Magazine article Newsweek

At the Top: Increasingly, Asia's Course Is Being Charted by Its Booming Cities-And a Crop of Brash Mayors

Magazine article Newsweek

At the Top: Increasingly, Asia's Course Is Being Charted by Its Booming Cities-And a Crop of Brash Mayors

Article excerpt

Byline: George Wehrfritz

Shintaro Ishihara is an inveterate showman. But the flamboyant governor of Tokyo deserves headlines for more than bashing North Korea every chance he gets. Since taking office in 1999, he's reined in runaway spending that threatened to bankrupt the world's biggest city and put uniformed troops on the streets (for disaster drills) for the first time since World War II. He's not shy about challenging national leaders--having raised taxes on banks against their objections--and has flirted with the idea of running for prime minister himself. Arguably that might be a lateral move: elected by a constituency that amounts to 10 percent of the Japanese public, Ishihara has a popular mandate surpassing that of any single legislator. Says political commentator Masayuki Fukuoka: "What's [emerging] is a small-scale presidential system."

Japan is hardly alone in this regard. Increasingly, Asia's fate is being determined by its booming cities. From Karachi to Seoul, the region is undergoing one of history's most remarkable transformations: an unceasing tide of urbanization, similar to that which revolutionized the West in the early 20th century. Twenty-five years from now most Asians will live in cities and towns. In fact, of the more than 2 billion people who will be added to the earth's total population in that time, the vast majority will live in urban Asia. By 2015 Dhaka, Mumbai and Delhi will number among the world's five largest cities--and Asia as a whole will account for 12 of the world's 21 megacities (graphic).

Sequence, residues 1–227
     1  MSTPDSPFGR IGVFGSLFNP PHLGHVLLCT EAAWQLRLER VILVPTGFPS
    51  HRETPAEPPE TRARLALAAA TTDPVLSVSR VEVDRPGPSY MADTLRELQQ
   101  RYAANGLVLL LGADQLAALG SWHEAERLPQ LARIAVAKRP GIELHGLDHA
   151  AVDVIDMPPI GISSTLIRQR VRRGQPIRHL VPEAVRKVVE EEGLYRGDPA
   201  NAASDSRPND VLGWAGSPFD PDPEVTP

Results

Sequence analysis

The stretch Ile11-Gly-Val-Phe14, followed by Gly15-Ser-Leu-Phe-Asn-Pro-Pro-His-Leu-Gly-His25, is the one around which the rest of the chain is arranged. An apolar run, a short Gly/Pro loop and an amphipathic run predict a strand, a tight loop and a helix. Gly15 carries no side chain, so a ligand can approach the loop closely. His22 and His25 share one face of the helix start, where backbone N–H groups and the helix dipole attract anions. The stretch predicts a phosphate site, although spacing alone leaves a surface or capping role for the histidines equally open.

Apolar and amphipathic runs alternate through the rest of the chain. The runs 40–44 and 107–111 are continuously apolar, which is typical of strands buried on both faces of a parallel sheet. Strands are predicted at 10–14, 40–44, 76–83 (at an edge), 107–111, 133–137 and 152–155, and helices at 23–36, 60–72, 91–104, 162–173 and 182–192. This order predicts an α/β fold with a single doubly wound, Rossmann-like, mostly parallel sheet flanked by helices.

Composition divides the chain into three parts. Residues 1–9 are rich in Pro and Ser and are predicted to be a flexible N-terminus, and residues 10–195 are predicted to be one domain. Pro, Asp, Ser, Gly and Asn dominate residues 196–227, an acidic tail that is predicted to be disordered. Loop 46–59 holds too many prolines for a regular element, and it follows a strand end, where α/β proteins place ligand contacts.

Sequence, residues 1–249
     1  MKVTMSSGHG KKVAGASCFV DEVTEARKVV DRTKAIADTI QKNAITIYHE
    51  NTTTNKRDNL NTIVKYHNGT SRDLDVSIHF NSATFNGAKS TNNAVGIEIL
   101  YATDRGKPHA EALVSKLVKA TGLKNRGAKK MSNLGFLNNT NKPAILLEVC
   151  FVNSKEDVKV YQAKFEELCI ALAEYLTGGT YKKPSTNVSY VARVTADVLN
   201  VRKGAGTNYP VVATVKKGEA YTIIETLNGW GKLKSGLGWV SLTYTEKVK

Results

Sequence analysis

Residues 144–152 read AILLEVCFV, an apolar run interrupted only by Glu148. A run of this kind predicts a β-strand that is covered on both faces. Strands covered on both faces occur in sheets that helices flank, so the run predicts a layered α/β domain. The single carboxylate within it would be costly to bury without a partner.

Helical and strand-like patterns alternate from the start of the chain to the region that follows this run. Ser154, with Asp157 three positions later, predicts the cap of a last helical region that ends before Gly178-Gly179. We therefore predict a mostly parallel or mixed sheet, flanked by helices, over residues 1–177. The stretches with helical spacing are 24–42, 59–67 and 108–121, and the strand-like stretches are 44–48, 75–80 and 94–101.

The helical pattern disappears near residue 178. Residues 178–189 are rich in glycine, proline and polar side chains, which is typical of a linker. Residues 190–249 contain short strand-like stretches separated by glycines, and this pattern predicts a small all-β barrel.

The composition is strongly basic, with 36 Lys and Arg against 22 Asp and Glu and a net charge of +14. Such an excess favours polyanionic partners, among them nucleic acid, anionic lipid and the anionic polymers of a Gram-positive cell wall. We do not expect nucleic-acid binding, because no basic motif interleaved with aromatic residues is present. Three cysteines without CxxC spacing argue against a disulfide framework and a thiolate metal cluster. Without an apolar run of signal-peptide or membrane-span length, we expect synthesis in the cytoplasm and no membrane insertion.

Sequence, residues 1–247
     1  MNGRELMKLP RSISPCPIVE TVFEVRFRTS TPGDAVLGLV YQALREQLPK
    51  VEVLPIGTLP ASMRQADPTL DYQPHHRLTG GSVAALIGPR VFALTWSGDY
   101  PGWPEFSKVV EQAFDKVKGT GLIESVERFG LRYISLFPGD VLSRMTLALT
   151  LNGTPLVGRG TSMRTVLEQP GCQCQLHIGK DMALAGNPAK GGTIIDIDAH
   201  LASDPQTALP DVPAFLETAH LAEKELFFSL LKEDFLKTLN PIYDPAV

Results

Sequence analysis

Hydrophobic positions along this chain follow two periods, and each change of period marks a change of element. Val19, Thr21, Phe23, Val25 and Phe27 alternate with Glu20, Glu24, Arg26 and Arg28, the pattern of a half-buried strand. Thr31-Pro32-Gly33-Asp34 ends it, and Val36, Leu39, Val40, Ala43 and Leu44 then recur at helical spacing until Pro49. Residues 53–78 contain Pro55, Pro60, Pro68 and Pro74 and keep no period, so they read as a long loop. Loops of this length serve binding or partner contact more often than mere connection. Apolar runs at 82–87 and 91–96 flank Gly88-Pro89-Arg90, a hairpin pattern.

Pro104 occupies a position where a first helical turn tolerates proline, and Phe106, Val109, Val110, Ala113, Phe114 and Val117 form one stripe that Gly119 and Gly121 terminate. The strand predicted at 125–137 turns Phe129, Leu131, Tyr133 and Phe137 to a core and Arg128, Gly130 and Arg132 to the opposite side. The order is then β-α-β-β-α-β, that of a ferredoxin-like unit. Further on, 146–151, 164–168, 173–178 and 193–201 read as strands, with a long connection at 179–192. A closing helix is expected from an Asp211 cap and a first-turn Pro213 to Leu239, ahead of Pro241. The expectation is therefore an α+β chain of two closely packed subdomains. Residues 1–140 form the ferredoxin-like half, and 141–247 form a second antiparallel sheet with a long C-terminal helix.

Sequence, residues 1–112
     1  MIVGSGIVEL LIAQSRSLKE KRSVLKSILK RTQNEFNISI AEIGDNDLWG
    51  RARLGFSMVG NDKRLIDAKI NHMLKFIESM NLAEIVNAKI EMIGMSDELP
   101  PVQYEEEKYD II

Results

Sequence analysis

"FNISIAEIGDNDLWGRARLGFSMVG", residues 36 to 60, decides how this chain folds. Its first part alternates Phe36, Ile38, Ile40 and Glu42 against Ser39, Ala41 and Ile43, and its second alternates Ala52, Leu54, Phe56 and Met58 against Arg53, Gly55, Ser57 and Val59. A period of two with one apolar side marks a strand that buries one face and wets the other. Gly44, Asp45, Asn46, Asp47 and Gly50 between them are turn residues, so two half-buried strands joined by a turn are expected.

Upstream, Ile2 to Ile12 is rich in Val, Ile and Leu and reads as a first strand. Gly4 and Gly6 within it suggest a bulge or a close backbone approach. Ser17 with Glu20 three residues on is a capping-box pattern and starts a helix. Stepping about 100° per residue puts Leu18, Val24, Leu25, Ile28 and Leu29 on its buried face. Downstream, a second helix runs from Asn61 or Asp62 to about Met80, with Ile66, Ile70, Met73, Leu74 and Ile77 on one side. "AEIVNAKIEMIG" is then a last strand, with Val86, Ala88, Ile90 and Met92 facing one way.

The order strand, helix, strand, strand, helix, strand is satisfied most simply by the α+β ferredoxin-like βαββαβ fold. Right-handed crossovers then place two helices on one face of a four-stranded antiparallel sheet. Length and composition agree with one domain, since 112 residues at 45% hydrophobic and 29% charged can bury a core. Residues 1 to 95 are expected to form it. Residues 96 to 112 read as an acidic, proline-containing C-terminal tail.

The scale and the speed of this shift is unprecedented. Asia is becoming predominantly urban in half the time it took Europe and America. Rome was the first settlement to reach 1 million people, in 5 B.C.; only in 1800 did London become the second. By 2015 Asia alone will have 267 cities with 1 million or more residents. These metropolises are coming to dominate Asian economies: by some estimates, they will contribute at least 70 percent of East Asia's economic growth over the next 20 years. And, through a new generation of brash, powerful mayors, they are demanding--and winning--an equivalent political clout.

Like Ishihara, these leaders are making waves by addressing a broad menu of urban concerns that, in the eyes of many city dwellers, national governments have ignored for too long. They're making their cities more livable and more global--unsnarling traffic and untangling red tape, cleaning up slums and jetting around the world to seek out investment dollars. Millions are flocking to these metropolises because they are home to opportunity: age-old distinctions like race, sex, caste--even education--are less of a hindrance than ever before. And once they're there, they have little patience for the caution of central governments. It was China's thriving coastal cities that first began to quietly privatize their state-owned enterprises, years before the Communist Party was forced to sanction the policy.

According to Thomas P. Rohlen, senior fellow at the Institute for International Studies at Stanford University, Asia's cities are now the driving force behind change in the region. "What we're watching is the transformation of an agrarian, peasant-centered East Asian world to an urban, outward-looking world," he says. In fact, Rohlen argues, what is emerging are virtual city-states, islands of affluence that have more in common with each other than with their impoverished hinterlands--or with their own national governments.

Ishihara's Tokyo, for instance, now stands in open rebellion against an economic order that for 50 years has been controlled by bureaucrats in powerful ministries--a system the governor denounces as "socialist. …

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